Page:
back to main menu
all posts

Download a preview of Public Spend Forum’s inaugural Public Procurement Technology report today! Join us for the first ever Public Procurement Technology Symposium, to be held on October 18, 2017.

As governments all around the world search for ways to be more efficient and better serve their citizens, public procurement technology could be an easy answer. Worldwide, public sector organizations spend nearly $10 trillion to purchase goods and services. To spend that money well, governments continue to search for ways to improve transparency, collaborate more effectively with suppliers and internal programs, increase competition, and reduce costs.

While more policies and legislation seem to be the favorite answer of legislators and policymakers, some of the leading public sector agencies are finding that procurement technology is a better approach. Procurement technology brings enormous benefits, from improving visibility into spending and advancing social goals to reducing process times and enabling better market research. 

It’s good to see that government agencies are seeing the possibilities:

  • According to the U.S. National Association of State Procurement Officials (NASPO) 2015 Survey of State Procurement Practices, of the 47 responding states, 36 states use an eProcurement system
  • Using technology to enable government processes, including purchasing, is a key part of the S. Federal government management agenda
  • Per the World Bank’s 2017 Benchmarking Public Procurement report2, a vast majority of economies across the world – both developing and developed – have adopted an e-procurement system as a national policy. In the EU alone, “central purchasing bodies should move to full electronic means of communication including electronic bid submission by April 2017”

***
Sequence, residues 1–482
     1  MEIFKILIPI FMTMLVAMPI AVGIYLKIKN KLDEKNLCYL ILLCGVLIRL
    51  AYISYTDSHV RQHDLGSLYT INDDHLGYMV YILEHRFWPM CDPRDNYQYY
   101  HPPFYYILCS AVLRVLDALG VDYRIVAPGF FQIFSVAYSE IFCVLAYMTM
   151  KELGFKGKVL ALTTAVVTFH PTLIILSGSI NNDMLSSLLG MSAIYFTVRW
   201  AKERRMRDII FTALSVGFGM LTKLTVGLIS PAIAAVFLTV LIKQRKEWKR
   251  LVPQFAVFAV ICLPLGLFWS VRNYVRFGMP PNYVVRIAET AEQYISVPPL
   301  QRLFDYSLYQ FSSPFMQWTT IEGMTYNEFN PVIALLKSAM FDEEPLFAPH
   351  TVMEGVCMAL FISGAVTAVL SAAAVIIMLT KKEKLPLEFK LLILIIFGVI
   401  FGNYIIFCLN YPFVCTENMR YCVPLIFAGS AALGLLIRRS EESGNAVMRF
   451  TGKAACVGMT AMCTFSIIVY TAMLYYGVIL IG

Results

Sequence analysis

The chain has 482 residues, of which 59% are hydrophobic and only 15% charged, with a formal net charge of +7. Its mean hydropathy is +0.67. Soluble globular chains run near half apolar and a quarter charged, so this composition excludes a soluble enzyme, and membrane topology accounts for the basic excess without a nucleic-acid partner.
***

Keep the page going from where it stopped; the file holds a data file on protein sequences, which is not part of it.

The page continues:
• The OECD recommends “improving the public procurement system by harnessing the use of digital technologies to support appropriate e-procurement innovation throughout the procurement cycle”

Many examples of enormous benefits already exist.  For instance, California’s eProcure System increased procurement process and spend transparency by allowing real time data views, e.g., into purchase orders as soon as they are ready to be sent to vendors. Meanwhile, Florida’s MyFloridaMarketPlace (MFMP) system Reduction in procurement cycle times, reduce cycle times for requisitions by 40 percent, and for invoice processing by 45 percent. 

Internationally, Portugal’s e-procurement platform, launched in 2009 for all public entities and public contracts above €5,000 resulted in savings of €185 million between 2009 and 2011 alone.

These are just a few examples of the power of procurement technology.  To learn more about the possibilities and the rich market base of procurement technology vendors from Coupa to Amazon Business to Jaggaer, download a preview of our upcoming Public Procurement Technology Report

Also, join us for the first ever Public Procurement Technology Symposium, to be held on October 18, 2017.  You will hear from speakers from the World Bank, Pennsylvania, Virginia, California and more. The secret to efficiency and effectiveness may just be waiting in the wings.

Image Courtesy of Shutterstock

Search suppliers for
the public sector market
Start reseach

No Comments

You must be logged in to post a comment.